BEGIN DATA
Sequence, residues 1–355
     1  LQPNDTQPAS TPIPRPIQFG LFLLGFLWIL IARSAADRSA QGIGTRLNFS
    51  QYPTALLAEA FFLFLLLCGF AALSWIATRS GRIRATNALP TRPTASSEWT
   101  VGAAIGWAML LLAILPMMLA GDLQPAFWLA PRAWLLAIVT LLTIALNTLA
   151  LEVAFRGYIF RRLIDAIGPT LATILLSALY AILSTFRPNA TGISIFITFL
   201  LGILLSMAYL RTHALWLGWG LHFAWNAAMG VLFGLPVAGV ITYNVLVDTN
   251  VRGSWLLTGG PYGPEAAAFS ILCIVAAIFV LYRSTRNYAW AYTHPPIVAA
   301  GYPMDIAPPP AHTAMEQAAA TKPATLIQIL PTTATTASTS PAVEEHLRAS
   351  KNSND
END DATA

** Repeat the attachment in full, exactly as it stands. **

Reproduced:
Sequence, residues 1–355
     1  LQPNDTQPAS TPIPRPIQFG LFLLGFLWIL IARSAADRSA QGIGTRLNFS
    51  QYPTALLAEA FFLFLLLCGF AALSWIATRS GRIRATNALP TRPTASSEWT
   101  VGAAIGWAML LLAILPMMLA GDLQPAFWLA PRAWLLAIVT LLTIALNTLA
   151  LEVAFRGYIF RRLIDAIGPT LATILLSALY AILSTFRPNA TGISIFITFL
   201  LGILLSMAYL RTHALWLGWG LHFAWNAAMG VLFGLPVAGV ITYNVLVDTN
   251  VRGSWLLTGG PYGPEAAAFS ILCIVAAIFV LYRSTRNYAW AYTHPPIVAA
   301  GYPMDIAPPP AHTAMEQAAA TKPATLIQIL PTTATTASTS PAVEEHLRAS
   351  KNSND